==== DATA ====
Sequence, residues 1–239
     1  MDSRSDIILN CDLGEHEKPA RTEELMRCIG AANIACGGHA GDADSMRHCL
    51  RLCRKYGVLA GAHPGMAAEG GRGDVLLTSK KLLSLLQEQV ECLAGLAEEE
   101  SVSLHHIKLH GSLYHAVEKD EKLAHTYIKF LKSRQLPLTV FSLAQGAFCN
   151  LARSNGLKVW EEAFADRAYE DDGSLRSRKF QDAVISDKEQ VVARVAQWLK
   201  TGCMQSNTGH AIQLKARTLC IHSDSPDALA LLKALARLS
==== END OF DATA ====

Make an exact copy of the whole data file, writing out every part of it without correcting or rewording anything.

Sequence, residues 1–239
     1  MDSRSDIILN CDLGEHEKPA RTEELMRCIG AANIACGGHA GDADSMRHCL
    51  RLCRKYGVLA GAHPGMAAEG GRGDVLLTSK KLLSLLQEQV ECLAGLAEEE
   101  SVSLHHIKLH GSLYHAVEKD EKLAHTYIKF LKSRQLPLTV FSLAQGAFCN
   151  LARSNGLKVW EEAFADRAYE DDGSLRSRKF QDAVISDKEQ VVARVAQWLK
   201  TGCMQSNTGH AIQLKARTLC IHSDSPDALA LLKALARLS